Synapses At Play…


Slow Down…

“Slow down.”

“Take an extra breath in-between repetitions.”

“Eliminate the hurry in your head.”

These are just a few of the clichés Royisms that I repeat to clients all day in my studio.  Yesterday I even compared strength training to fly fishing…

“It’s a rhythm” I told a client, “but it’s a slow rhythm, just like fly fishing.”

And really, it is like fly fishing.  Strength training, practiced slowly, can be intimate and meditative.

One of the better aspects of strength training, and one that is underappreciated by most, is the opportunity one gets to develop a relationship with the individual muscles of the body, as well as the actions taken by those muscles.  Not just in realizing one’s potential for strength, but to know what meat we’re made of, and which meat does what.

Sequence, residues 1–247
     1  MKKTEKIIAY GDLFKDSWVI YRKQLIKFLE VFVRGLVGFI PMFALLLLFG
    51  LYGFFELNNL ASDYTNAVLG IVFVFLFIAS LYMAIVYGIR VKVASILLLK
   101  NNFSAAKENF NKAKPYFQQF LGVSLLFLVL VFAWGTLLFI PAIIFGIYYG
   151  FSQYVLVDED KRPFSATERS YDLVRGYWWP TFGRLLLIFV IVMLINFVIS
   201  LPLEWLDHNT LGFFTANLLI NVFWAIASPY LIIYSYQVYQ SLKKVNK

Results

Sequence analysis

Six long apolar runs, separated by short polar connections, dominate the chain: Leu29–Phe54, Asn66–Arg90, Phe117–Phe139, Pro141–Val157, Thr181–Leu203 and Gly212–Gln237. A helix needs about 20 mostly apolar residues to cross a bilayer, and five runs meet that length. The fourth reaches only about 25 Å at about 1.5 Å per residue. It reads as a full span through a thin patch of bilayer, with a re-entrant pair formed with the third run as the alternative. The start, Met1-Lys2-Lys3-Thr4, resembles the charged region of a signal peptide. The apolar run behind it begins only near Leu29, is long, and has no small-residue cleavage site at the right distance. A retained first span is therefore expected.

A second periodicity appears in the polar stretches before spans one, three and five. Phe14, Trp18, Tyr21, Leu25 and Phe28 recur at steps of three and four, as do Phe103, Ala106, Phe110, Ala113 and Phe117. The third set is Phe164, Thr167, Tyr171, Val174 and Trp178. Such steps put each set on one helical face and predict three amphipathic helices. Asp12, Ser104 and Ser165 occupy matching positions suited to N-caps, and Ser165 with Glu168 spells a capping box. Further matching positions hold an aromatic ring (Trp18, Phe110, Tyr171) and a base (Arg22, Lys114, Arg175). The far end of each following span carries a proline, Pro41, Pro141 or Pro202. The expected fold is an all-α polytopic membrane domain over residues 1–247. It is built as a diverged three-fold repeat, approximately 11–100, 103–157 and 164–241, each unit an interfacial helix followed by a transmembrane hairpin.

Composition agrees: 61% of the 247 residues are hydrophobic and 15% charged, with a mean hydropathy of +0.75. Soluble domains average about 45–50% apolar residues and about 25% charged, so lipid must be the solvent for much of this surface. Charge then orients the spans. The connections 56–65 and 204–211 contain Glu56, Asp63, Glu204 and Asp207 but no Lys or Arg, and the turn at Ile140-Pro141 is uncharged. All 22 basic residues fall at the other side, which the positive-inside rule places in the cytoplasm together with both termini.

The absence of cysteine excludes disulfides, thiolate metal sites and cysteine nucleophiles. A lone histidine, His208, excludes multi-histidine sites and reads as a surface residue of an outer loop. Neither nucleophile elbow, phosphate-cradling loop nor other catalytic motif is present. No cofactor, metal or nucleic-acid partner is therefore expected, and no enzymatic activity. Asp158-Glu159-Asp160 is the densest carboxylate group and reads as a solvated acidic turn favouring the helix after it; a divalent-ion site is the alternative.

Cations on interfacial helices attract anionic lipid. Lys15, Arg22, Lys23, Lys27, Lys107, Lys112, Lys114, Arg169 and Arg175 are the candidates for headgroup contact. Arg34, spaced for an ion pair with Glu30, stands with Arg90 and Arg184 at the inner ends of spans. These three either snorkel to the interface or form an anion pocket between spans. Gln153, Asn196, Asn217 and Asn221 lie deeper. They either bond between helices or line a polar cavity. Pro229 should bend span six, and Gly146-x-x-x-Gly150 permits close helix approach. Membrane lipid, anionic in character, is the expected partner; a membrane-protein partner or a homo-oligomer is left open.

Synapses, both electrical and chemical, develop quickly during the act of strength training.  Using a slower repetition speed helps better establish and reinforce those synapses.  These lines of communication between brain and meat are always active, whether one is pushing a leg press upward, or stepping onto golf cart.

synapse-group-1a.jpg

The inner universe.  Sensational synapse…

Sensational Sensations…

Increasingly, I have come to better appreciate the relationship my mind has with my skeletal-muscular structure.  Always bubbling under the surface is the tactile sensation I experience during every kind of physical exertion I may be involved in.  I can’t imagine not taking note of this, yet so many move about their whole lives never really knowing what they are made of.

Ten-thousand times per day I may strike my heels on the ground before me, subconsciously connecting the electrical dots from my feet, to my legs, to my lower back, and into my shoulders, as my well-oiled machine drives me forward.  When I push a door closed, lift a box, or pull a container from a shelf, I feel the muscular me in action.  When I press firmly on a large knife as I cut a cabbage in half, in my mind I am both feeling and thanking my triceps.  I love this, and it all starts in the weight room.

Not Widely Practiced…